One in the Eye

 

From Private Eye 29th January 1971


Fleet Street's roving correspondents were startled recently to be rushed off to Cuba. Brian Vine of the Daily Express's New York office had apparently discovered the whereabouts of the Canadian kidnappers and had even observed them washing their babies' nappies.


The correspondents arrived to find that the hideout was a deserted girls high school and that there was not a kidnapper in sight.

Before they could get back to Havana and have it out with Vine, he had written another story saying that he was about to be deported and was being fed on a diet of fish and rice.


Some weeks later a package arrived in the London offices of the Daily Express. It had been airfreighted from Cuba, via Prague, and inside were two shirts and a bill for £41. A note said that the bill was for laundry and air freight of the shirts, which Mr Vine had left behind him in the room of Comrade Maria Diaz at the Hotel Havana Libre.


The hotel menu on the night before Mr Vine flew back to New York included fish and rice.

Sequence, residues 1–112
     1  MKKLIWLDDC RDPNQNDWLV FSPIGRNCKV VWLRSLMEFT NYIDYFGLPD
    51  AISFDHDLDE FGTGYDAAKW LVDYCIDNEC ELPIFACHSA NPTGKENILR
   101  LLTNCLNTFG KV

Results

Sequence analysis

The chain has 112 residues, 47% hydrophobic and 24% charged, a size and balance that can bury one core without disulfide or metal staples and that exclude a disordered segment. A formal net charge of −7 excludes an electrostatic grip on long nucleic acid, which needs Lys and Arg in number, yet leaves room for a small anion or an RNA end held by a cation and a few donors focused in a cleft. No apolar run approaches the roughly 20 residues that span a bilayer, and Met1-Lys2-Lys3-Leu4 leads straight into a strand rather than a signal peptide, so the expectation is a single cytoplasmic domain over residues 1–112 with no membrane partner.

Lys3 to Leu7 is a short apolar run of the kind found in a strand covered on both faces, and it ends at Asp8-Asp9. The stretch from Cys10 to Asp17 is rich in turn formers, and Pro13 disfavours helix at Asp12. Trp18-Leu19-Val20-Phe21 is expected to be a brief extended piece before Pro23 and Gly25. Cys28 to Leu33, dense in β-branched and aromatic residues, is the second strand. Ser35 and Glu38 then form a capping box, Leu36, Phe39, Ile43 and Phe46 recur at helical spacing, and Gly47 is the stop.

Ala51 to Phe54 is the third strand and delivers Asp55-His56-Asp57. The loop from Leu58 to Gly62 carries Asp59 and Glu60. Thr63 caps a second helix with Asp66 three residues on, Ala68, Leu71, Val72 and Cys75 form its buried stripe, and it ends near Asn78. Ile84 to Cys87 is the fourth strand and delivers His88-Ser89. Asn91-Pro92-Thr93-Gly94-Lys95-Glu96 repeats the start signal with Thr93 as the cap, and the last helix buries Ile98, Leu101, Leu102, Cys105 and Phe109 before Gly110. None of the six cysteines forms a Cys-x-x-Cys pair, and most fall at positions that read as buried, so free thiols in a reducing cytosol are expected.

From Private Eye 21st January 1966


PAUSE FOR A SMILE: The circulation of the Daily Express is now reliably reported to be approximately in the vicinity of 3,800,000 – the lowest figure since the war.


From Private Eye 19th February 1966


The Daily Express excelled even itself with its absurd moon picture scoop. But readers would be wrong to think that its astonishing self-adulation was simply a coolly-calculated publicity stunt.


The atmosphere at the Express was one of hysterical joy. And the Editor, Derek Marks, never one to disguise his emotions, went into a delirious seventh heaven. More phlegmatic members of staff were astonished when later in the day a special notice went up on the board.


It consisted of the St Crispin’s Day speech from Henry V: ‘We few, we happy few, we band of brothers’ and was signed by the Editor.


Even those accustomed to the excesses of the Daily Express thought that this might be construed as ‘overdoing it a bit’.